Washington: The Making of the American Capitalby Fergus Bordewich
Washington, D.C., is home to the most influential power brokers in the world. But how did we come to call D.C.—a place once described as a mere swamp "producing nothing except myriads of toads and frogs (of enormous size)," and which was strategically indefensible, captive to the politics of slavery, and the target of unbridled land speculation—our
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Washington, D.C., is home to the most influential power brokers in the world. But how did we come to call D.C.—a place once described as a mere swamp "producing nothing except myriads of toads and frogs (of enormous size)," and which was strategically indefensible, captive to the politics of slavery, and the target of unbridled land speculation—our nation's capital? In Washington, acclaimed, award-winning author Fergus M. Bordewich turns to the backroom deal-making and shifting alliances among our Founding Fathers to find out, and in doing so pulls back the curtain on the lives of the slaves who actually built the city. The answers revealed in this eye-opening book are not only surprising but also illuminate a story of unexpected triumph over a multitude of political and financial obstacles, including fraudulent real estate deals, overextended financiers, and management more apt for a banana republic than an emerging world power.
In a page-turning work that reveals the hidden and unsavory side to the nation's beginnings, Bordewich once again brings his novelist's eye to a little-known chapter of American history.
The Washington Post
Bordewich (Bound for Canaan) depicts how some improbable and unwelcoming terrain on the Potomac came to be chosen in 1790 as the site for the nation's capital. Bordewich likewise narrates the graft, inefficiencies and myriad injustices that went into the design of the new capital and the construction of the first state buildings. As the author emphasizes, slavery affected everything about the genesis of Washington: the politics of selecting a site that was nominally Southern to placate Jeffersonian Democrats; the construction of such buildings as the White House and the Capitol-projects that exploited slave labor. Bordewich also reveals the backroom politics wherein the conservative Northern Federalist Alexander Hamilton made a deal regarding federal fiscal policy and the siting of the so-called "Federal Territory." Bordewich is especially strong in painting portraits of such memorable characters as city planner Peter Charles L'Enfant as well as the brilliant black mathematician, astronomer and surveyor Benjamin Banneker, who did essential work on the first survey of the city, along with various piratical speculators whose greed nearly sank the grand project more than once. In sum, Bordewich tells a fascinating tale, and tells it well. (May 6)Copyright © Reed Business Information, a division of Reed Elsevier Inc. All rights reserved.
Bordewich (Bound for Canaan) and Standiford, each with his own emphasis and style, offer fresh perspectives on the early history of Washington, DC. Bordewich, a freelance journalist, offers a substantially more well-rounded and comprehensive story, explaining in satisfying detail how the city's site was chosen and how political scheming, personal conflicts, and greed almost doomed the project of designing and constructing a capital city from scratch. Two themes are woven throughout his narrative: the important but often overlooked role played by slaves and former freed slaves and the constant North-South debate at the root of the bitter dispute over the capital's locale; the chosen site bore both symbolic and practical importance. Bordewich introduces readers to the key players: George Washington, Thomas Jefferson, African American surveyor Benjamin Banneker, intractable and ill-fated architect and city planner Maj. Pierre Charles L'Enfant, the city's triumvirate of commissioners, and a host of pernicious financial speculators. Their contributions, both helpful and detrimental, are thoroughly documented. The convoluted political and financial details occasionally bog down an otherwise engaging work of popular history.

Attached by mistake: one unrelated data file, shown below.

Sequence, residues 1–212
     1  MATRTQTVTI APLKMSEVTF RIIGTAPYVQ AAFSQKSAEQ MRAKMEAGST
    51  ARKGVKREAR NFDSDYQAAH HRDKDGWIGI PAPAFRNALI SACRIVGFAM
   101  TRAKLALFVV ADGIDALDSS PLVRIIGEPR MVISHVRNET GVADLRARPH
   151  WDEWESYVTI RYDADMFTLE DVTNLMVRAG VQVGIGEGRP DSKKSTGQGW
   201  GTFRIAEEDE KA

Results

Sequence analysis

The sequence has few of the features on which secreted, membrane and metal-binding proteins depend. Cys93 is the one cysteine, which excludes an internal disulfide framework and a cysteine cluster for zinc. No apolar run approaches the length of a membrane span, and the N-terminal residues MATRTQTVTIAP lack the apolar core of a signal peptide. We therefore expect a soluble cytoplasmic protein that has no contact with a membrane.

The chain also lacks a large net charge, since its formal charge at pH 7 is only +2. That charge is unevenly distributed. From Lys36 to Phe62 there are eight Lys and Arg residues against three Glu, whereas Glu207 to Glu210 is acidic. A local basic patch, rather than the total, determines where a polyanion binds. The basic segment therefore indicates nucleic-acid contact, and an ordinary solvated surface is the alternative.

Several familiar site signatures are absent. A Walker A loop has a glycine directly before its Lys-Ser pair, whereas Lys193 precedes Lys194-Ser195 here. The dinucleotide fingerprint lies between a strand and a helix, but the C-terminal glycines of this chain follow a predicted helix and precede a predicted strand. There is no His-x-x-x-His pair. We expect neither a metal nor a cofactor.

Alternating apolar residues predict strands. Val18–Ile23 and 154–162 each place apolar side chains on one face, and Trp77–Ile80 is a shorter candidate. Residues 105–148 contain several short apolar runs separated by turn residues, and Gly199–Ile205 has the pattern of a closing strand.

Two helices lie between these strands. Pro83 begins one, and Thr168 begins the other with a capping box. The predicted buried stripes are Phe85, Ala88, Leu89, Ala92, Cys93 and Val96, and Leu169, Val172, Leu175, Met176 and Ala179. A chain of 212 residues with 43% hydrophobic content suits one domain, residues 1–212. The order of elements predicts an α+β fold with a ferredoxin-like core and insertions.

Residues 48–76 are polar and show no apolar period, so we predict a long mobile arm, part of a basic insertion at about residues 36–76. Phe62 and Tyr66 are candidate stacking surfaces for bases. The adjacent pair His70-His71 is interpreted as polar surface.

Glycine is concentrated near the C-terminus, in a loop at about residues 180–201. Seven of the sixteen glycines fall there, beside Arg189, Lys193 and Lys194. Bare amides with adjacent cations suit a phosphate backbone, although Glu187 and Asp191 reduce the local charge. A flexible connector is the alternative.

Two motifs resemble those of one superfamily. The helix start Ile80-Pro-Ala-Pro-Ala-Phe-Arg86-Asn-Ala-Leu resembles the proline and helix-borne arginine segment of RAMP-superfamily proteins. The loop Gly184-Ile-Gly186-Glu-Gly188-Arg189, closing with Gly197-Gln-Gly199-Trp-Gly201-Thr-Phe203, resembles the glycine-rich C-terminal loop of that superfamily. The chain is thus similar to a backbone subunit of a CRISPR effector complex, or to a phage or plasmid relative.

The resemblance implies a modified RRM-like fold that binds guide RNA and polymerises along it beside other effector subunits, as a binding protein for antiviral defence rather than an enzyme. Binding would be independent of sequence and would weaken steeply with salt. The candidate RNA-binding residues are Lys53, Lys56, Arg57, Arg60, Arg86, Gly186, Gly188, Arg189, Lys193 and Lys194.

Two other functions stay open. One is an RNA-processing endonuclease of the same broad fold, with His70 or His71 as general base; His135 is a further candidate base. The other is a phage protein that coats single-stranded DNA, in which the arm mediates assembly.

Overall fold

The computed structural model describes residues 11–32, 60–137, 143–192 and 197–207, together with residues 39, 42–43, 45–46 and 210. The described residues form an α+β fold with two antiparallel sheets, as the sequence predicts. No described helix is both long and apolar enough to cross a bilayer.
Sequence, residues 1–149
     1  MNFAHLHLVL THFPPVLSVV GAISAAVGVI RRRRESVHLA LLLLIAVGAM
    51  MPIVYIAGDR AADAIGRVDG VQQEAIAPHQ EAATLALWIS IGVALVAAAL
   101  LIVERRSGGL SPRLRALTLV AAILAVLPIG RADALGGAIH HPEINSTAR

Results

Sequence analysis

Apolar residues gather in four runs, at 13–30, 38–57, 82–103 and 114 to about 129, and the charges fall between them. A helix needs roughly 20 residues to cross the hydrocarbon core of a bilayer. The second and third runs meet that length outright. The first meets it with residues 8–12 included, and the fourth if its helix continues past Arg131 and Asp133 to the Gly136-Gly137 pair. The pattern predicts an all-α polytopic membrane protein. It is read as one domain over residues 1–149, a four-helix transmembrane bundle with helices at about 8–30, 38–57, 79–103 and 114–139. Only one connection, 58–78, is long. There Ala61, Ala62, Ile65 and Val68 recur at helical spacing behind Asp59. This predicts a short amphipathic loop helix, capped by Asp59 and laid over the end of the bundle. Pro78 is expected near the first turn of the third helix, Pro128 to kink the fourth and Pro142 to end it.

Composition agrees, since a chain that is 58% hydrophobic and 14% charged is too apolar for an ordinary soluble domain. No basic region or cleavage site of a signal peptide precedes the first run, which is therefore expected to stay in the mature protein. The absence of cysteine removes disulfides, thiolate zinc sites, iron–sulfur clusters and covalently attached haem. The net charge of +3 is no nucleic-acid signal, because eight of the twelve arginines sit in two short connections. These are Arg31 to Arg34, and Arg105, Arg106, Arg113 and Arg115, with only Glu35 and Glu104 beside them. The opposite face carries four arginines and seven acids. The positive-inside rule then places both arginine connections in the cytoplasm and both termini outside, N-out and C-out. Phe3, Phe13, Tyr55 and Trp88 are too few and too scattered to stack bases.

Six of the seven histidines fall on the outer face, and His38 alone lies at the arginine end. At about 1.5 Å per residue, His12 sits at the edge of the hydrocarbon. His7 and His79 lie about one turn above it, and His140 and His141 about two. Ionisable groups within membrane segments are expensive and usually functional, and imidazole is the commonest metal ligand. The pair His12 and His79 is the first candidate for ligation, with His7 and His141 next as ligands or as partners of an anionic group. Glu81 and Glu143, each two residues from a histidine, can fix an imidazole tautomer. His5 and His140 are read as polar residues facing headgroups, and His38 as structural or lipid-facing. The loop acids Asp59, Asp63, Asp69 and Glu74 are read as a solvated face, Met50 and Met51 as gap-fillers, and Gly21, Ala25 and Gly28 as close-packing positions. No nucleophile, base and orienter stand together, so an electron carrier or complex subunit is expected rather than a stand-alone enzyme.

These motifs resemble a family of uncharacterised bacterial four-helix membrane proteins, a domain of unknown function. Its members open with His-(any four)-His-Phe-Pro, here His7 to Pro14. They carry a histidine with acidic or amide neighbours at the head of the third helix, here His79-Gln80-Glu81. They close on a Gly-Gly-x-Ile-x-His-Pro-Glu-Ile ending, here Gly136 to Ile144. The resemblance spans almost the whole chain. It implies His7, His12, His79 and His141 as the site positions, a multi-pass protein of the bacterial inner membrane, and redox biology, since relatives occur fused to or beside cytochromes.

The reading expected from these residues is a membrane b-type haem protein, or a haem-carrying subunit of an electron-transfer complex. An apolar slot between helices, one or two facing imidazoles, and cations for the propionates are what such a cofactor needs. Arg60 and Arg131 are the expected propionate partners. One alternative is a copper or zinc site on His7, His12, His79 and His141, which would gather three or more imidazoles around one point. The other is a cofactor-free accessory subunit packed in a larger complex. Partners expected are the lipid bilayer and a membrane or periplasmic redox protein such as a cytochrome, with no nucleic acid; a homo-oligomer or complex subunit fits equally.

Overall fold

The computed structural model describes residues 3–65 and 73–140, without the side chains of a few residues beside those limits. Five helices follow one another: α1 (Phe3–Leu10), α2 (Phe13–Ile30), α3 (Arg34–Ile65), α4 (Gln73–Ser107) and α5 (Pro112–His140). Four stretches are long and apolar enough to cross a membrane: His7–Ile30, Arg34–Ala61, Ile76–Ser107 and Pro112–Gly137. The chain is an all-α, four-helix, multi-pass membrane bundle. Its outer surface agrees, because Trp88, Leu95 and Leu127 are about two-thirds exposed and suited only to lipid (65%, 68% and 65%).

Standiford (director, creative writing program, Florida Intl. Univ.; Last Train to Paradise), who has published both fiction and nonfiction, gives us a work far more colorfully written but omitting or downplaying many important facets and details of the project. Banneker and slavery are all but overlooked, and the greedy and incompetent speculators get but scant mention in an entertaining but incomplete account. Yet Standiford has a novelist's gift forengaging, briskly paced narration, and his chronicle, as far as it goes, is scrupulously researched. He focuses on the early successes and eventual failure of L'Enfant, one of the more complex and fascinating characters of the era. The flamboyant Frenchman headed the city's planning and construction until his controversial dismissal midway through the project. Standiford explains how the architect's fiscal incompetence and, more notably, stubbornness and indestructible ego doomed a promising career. He also recounts the 1814 destruction of much of Washington, DC, by invading British soldiers, but his title is largely metaphorical as the bulk of his book concerns the tumultuous relationships between L'Enfant and his superiors. These two quite different volumes complement each other well. Both are recommended for public and academic libraries, but libraries seeking just one book on the early history of the city will be better served by Bordewich.
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Washington The Making of the American Capital
By Fergus Bordewich
HarperCollins Publishers, Inc. Copyright © 2008 Fergus Bordewich
All right reserved.
The New Machine of Government
"The climate of the Patowmack is not only unhealthy, but destructive to northern constitutions. Vast numbers of eastern adventurers have gone to the Southern states, and all have found their graves there."
—Theodore Sedgwick of Massachusetts